Chapter3 - Chapter 3 THE MINIMAL PROGRAM In this chapter we...

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Chapter 3 THE MINIMAL PROGRAM In this chapter we will introduce the minimum number of elements of programming that you need in order to begin to program. Nothing very important will be programmed but you will be able to go through the motions of writing a complete program and enter the program into a com- puter using the command language of the operating system and have it executed. Also you will see what kind of output to expect. Things will happen, though what the computer is actually doing for you will not be very exciting yet. But remember you will go through the same motions as are necessary when your programs do have more content. BASIC SYMBOLS OF THE FORTRAN LANGUAGE We will be presenting the programming language Fortran a little bit at a time. Any language consists of words and the words are made up of symbols that we call characters. These characters are put together in strings. In English the word elephant is a string of characters of length eight. It contains only seven different characters, the character e being used twice. We can tell that it is a word because it has a blank in front of it and one at the end. In a way the blank is also a character, but a special character for separating words. We sometimes denote the blank by b when we show programs in this book so that you can see how many blanks are present. In English, we group words into sentences and we can tell the end of a sentence because of a special mark, the period. We also have a different kind of sentence that ends with a question mark, don't we? In addition to periods and question marks, we have other punctuation marks which serve to make sentences in the language easier to read. They also serve to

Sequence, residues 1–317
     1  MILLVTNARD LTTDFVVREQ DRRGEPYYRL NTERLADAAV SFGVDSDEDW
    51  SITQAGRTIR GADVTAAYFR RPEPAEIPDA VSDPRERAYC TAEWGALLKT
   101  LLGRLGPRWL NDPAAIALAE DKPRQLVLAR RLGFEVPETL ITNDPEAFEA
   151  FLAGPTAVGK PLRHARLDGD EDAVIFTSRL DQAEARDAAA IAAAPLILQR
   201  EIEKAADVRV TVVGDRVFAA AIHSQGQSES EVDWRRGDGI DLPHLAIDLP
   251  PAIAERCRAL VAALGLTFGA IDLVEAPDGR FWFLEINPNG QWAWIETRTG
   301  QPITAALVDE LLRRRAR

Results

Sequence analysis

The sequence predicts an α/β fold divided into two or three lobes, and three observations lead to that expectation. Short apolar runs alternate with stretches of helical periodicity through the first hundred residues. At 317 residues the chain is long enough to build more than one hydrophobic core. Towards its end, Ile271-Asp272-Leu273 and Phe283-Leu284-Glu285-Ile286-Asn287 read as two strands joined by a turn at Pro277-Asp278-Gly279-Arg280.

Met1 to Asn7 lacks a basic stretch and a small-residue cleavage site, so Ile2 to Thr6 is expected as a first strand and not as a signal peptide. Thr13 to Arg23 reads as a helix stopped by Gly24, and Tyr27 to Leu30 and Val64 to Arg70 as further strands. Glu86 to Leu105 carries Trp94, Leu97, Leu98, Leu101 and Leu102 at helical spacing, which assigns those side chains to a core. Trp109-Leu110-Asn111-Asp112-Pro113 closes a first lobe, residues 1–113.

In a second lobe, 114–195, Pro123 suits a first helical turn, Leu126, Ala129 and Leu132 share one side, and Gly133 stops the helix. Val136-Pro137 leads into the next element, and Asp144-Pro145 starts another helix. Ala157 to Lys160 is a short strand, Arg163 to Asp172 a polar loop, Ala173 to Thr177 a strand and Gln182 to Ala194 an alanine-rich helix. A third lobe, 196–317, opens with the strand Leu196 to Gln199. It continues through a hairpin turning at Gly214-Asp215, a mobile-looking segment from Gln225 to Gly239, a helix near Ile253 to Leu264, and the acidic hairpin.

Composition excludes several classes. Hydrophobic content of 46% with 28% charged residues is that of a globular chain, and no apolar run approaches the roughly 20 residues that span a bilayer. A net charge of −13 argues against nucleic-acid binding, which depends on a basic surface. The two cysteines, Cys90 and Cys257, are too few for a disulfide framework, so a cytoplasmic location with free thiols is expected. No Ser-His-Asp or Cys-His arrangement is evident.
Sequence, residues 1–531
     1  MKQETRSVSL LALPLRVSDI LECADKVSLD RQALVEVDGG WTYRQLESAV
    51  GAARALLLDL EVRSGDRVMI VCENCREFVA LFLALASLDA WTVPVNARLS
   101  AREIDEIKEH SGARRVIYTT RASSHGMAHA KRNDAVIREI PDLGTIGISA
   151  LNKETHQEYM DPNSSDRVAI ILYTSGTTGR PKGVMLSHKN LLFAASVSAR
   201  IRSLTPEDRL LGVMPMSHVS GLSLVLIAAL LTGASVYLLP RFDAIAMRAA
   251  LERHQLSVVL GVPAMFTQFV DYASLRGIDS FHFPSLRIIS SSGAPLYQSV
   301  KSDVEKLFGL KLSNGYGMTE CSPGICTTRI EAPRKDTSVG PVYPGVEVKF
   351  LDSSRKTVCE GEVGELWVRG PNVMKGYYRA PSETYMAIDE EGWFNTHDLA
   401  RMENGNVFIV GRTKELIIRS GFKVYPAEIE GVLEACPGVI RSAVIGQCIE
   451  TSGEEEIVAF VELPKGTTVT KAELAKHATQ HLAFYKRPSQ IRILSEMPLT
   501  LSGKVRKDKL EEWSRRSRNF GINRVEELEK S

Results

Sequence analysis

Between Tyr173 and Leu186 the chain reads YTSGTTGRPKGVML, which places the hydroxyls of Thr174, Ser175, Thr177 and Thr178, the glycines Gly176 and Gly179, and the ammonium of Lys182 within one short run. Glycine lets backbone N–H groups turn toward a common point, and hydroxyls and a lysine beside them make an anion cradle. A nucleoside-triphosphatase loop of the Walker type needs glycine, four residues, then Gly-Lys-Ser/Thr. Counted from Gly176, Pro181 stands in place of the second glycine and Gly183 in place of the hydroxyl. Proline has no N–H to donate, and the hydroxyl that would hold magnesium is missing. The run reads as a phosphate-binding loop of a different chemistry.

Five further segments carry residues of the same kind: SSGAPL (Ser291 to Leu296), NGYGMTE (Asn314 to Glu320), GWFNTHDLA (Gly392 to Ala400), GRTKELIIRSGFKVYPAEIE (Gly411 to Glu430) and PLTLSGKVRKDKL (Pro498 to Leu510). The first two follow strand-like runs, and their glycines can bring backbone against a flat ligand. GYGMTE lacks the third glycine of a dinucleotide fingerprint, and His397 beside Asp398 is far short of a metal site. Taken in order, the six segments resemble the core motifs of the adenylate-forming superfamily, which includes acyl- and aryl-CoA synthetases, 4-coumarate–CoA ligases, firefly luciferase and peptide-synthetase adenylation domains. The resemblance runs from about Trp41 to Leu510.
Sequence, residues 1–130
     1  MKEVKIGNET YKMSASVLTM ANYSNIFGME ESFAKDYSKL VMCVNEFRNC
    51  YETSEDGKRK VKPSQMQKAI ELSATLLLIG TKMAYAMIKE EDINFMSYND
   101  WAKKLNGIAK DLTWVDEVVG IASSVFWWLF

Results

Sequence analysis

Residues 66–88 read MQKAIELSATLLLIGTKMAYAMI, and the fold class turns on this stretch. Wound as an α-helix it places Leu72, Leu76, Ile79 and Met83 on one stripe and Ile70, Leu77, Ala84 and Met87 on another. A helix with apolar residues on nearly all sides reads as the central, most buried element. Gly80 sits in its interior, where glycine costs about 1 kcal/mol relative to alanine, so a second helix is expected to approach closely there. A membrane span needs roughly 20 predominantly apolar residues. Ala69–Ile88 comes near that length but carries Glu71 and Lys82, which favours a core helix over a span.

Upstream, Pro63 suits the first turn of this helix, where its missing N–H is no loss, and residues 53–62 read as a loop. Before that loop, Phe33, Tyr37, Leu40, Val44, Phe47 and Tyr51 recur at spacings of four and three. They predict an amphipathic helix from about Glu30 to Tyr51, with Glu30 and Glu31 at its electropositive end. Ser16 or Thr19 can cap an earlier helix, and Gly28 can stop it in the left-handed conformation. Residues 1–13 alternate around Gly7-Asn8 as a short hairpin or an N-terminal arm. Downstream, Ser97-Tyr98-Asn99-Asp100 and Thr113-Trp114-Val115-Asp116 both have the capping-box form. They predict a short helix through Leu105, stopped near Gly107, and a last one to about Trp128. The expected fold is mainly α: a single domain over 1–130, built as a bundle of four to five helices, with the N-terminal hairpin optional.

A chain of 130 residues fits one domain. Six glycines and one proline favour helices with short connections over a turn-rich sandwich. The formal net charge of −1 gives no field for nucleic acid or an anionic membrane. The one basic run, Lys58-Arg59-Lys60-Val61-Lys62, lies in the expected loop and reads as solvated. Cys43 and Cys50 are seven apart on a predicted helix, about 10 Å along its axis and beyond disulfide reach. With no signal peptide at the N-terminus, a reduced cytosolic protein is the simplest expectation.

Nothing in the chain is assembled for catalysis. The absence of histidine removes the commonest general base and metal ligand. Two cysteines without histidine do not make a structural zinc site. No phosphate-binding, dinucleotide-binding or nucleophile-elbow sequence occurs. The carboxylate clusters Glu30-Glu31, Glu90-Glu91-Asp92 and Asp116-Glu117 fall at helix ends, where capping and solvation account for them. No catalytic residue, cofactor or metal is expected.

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2 | THE MINIMAL PROGRAM remove ambiguity in a sentence. There is some doubt about the meaning of the sentence The student claims the teacher understands. The doubt is removed if it is written with commas, as, The student, claims the teacher, understands. It is important that statements in a programming language be unambiguous , so punctuation is used a great deal. Instead of a sentence, the basic unit in the main part of a program is a statement . Statements are separated from each other by starting each statement on a new line for input. In some other high-level languages, statements are separated by having a semicolon between them. This serves to separate them just as periods separate sentences in English. In most high-level languages the comma is used to separate items in any list of similar items, and parentheses are used to enclose things that belong together. We will have words in Fortran that are made up of letters of the alphabet and might also have digits in them. Although there are definite rules governing the way that Fortran statements are formed, we want them to be understandable. This means the words should be like English words. We use words like
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This note was uploaded on 02/13/2012 for the course CSE 1540 taught by Professor Hofbauer during the Winter '12 term at York University.

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Chapter3 - Chapter 3 THE MINIMAL PROGRAM In this chapter we...

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